The following is a reprint of an interview featured in The BUND, a design magazine in Shanghai China:
According an article you said you had been dreaming up how you wanted to execute your project, seeing the NASA trailer helped to fine-tune your vision. Then what’s the most inspiring thing you find after you saw the NASA’s 1968 Airstream trailer?
I was trying to approach the project as if I was a designer from 1968. This was the space age, and the idea of space travel influenced a lot of terrestrial design as well. I imagined the Airstream as a futuristic camping vehicle for the moon, but limited my material choices to those available in 1968. The result feels modern, but vintage as well.
During the whole project, what is the most difficult and challenging part?
This may not be the most interesting, but the most difficult part was working on the plumbing. The copper tubing used in the Airstream was an unusal size, so no commonly available plumbing parts would work. I talked to a lot of plumbers before I got any useful advice. Other than that, I can’t say I really found any of the project difficult.
Is there any interesting moment in the process? Please share with our readers.
The attention the Airstream received was never ending. People were constantly stopping by as we were working on it. Some had stories of owning one, or more often, about their parents owning one. Some even offered help with the renovation. One particular gentleman was once a truck driver for the Grateful Dead. He explained how he used to keep the chrome on his truck polished, then proceeded to give lessons on how to polish the Airstream. He really knew what he was doing, and our work instantly improved!
What’s the most special and satisfied part in your design?
The globe. It’s a small detail, but it’s my favorite. I searched for a long time to find the perfect size, era, and color palette. I purchased several vintage globes before finding this one from J. Chein & Co. It’s difficult to see in the photos, but there is a red metal arrow pointing to a miniature Airstream. As the globe spins, the Airstream remains stationary, as if it is travelling around the world (to Shanghai!)
What’s the biggest difference after the renovation?
Our original Airstream was designed to sleep six adults, along with their food, clothing, etc. This did not leave much space for comfort. Our design will only sleep two, but there is plenty of room to work, or Yoga on a rainy day. Before we delivered it to our client we had a party inside! (The client was inivited of course!)
How did you find all these furniture in the trailer? Did you do it yourself?
I designed everything you see inside the trailer, and we built it in our woodshop in Berkeley California. All of the cabinetry and furniture is Walnut, with Formica tops. There are many pictures of the furniture in progress on my blog (www.ableandbakerdesign.blogspot.com).
What’s the principle of your design? And we found that your team are doing “green” work, is that one of the characteristics in your work?
I try to follow many of the principals of “Green” building, and I think one of the best ways to do that, is to design something that people want to keep for a long time, as opposed to so much of the “disposable” furniture out there, or the homes that get remodeled every 10 years. I also want to aim for the everyday consumer, who is perhaps not aware enough to be “eco-conscious”, and may want to buy something just because it’s “cool”. My goal is to design objects made with green materials, but are “cool” enough to appeal to the mass consumer. I’d rather people purchase the right thing for the wrong reasons, than not purchase the right thing at all.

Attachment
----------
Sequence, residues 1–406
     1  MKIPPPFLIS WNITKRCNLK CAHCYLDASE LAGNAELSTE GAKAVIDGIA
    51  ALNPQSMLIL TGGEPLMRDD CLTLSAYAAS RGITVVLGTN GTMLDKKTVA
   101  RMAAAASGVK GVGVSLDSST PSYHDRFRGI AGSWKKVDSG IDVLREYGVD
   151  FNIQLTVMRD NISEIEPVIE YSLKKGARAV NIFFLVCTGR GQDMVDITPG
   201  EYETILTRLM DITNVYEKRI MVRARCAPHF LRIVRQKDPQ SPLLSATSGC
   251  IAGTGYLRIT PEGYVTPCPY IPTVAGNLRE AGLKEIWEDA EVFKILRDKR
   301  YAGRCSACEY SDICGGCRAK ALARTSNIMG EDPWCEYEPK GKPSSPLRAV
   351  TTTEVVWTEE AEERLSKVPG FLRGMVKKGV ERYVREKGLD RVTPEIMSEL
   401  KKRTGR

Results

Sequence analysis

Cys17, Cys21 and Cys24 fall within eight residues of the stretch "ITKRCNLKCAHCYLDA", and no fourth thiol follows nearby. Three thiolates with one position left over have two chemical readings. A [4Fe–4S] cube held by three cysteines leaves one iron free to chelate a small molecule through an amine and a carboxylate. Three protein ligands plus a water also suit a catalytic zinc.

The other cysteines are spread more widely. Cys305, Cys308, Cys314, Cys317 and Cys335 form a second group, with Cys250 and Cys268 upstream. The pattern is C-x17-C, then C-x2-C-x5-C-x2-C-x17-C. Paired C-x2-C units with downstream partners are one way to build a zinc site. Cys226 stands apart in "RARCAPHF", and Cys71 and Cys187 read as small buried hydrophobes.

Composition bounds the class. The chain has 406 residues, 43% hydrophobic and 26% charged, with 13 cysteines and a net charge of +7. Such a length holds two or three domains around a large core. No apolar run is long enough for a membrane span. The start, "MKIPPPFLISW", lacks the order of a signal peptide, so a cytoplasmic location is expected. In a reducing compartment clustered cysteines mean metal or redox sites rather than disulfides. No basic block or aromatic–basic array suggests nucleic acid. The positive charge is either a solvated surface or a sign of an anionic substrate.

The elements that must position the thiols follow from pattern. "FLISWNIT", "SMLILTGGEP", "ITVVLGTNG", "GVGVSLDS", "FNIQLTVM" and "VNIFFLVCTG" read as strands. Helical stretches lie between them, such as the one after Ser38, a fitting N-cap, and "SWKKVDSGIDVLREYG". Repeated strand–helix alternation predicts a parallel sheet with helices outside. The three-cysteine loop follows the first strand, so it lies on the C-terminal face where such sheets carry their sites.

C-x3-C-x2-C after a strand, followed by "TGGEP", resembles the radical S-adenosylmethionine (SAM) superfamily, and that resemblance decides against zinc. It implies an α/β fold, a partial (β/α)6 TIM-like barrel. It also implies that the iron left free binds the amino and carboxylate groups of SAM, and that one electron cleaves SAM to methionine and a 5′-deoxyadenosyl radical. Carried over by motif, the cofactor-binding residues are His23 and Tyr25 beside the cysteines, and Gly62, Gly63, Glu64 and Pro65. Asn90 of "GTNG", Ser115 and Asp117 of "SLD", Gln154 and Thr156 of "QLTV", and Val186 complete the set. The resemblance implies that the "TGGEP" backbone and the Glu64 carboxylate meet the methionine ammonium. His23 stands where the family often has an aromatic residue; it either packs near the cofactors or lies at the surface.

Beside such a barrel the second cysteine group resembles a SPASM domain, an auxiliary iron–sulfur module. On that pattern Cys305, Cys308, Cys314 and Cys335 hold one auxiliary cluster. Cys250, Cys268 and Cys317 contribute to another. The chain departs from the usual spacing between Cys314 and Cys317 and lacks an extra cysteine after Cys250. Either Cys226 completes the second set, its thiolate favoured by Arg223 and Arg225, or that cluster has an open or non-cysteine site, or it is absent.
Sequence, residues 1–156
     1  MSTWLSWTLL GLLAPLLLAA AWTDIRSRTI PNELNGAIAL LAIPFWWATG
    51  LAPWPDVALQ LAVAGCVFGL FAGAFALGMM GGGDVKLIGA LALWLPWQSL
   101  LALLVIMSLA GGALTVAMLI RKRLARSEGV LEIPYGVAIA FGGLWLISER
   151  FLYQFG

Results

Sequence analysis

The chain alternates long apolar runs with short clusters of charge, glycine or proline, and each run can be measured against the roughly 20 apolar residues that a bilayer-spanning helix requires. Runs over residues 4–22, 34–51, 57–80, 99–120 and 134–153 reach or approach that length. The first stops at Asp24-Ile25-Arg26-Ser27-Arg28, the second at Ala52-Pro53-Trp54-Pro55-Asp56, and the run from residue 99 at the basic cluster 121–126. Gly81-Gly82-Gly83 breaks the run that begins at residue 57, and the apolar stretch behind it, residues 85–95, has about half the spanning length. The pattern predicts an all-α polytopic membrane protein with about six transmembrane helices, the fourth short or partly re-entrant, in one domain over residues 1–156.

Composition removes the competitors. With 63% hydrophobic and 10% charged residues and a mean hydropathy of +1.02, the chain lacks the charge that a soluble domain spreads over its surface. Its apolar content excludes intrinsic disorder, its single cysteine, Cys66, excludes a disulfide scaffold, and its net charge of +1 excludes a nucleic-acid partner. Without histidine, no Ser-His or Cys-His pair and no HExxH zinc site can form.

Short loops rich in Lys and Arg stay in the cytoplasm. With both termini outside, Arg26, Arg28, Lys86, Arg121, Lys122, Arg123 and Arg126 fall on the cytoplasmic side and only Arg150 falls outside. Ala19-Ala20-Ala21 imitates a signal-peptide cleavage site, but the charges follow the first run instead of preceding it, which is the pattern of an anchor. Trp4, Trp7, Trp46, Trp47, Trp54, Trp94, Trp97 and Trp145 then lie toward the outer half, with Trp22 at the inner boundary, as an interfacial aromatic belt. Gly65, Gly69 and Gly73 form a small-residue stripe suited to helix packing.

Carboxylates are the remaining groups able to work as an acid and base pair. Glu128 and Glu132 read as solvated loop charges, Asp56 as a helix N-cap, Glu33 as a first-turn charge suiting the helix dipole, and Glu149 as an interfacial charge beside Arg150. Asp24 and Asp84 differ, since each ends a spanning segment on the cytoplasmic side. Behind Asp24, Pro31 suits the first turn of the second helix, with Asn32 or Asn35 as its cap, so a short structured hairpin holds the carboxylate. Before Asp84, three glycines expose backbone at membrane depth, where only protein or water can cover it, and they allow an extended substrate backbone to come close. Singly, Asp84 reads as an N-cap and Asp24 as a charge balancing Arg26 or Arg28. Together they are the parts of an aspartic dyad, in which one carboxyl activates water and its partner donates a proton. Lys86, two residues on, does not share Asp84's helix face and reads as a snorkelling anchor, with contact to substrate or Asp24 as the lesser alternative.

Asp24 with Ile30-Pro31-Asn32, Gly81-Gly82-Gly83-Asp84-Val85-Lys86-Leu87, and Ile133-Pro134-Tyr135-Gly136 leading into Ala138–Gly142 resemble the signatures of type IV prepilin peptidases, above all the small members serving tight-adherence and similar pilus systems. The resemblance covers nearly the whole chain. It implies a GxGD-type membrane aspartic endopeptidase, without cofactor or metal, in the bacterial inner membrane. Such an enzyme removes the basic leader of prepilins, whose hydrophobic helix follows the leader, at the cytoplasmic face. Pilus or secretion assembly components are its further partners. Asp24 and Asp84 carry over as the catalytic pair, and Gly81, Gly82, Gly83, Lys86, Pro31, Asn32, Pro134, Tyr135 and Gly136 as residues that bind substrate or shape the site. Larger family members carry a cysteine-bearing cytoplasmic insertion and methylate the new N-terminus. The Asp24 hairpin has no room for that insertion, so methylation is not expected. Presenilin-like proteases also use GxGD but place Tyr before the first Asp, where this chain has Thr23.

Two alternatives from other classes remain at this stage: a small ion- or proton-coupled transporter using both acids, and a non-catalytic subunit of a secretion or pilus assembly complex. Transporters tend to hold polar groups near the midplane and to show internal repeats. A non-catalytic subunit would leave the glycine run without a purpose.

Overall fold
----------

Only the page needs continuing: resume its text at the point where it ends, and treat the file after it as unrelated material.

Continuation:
You and your team actually have accomplished many other projects in
different fields. Could you introduce your team and some projects to our
My wife and partner in the company Jen Zahigian is an accomplished photographer. Her work can be seen in magazines and galleries throughout California.
Nick Van Anda is an amazing person. Before working for us, he worked at a Rolls-Royce restoration shop, fabricating obsolete car parts. He’s one of the hardest workers I’ve ever met, and is a great problem solver.
Phil Ebner grew up between Texas and Germany, where he was trained as a cabinet builder and carpenter. After finishing school in Germany, he worked in California and Hawaii building homes for the Habitat For Humanity, which builds affordable housing for people in need. Besides this incredible team, we work with an array of craftsmen and fabricators, depending on the job. Most of our projects are in the field of residential construction and furniture, but generally include something unusual. We’ve worked on historical projects, as well as celebrity homes.
Among all your work, which one is your favorite? And why?
At the request of my Father-in-Law, I built a treehouse in his backyard. It sits high on a hillside, with a view across a beautiful valley, and is large enough to sleep myself and my three nephews.
What kind of project do you want to have a try most in the future?
The next project I’d like to do is a custom motorcylce. I am attracted to mid-1960’s Kawasakis and English motorcycles, and would like to build one with custom wood fenders, farings, and touring boxes. Other than that, I really want the opportunity to design a house, a boat, or private jet for one of my clients. Most of my work has been in California, though I have also worked in New York and Canada, and I am hoping my work will eventually take me around the world.
The Airstream Photos You’ve Been Waiting For!
(NOTE: We know many of you have already seen these photos. We originally posted this on Feb.20, 2010 — when we moved our blog to Tumblr in January 2012, this post found it’s way back to the top!)
Our Airstream adventure began one year ago when we received the phone call from Austin, Texas, asking if we’d be interested in the project. The real fun began 6 months later with an unforgettable roadtrip to Las Vegas, New Mexico, to pick up the trailer: A 1968 Airstream Ambassador Twin.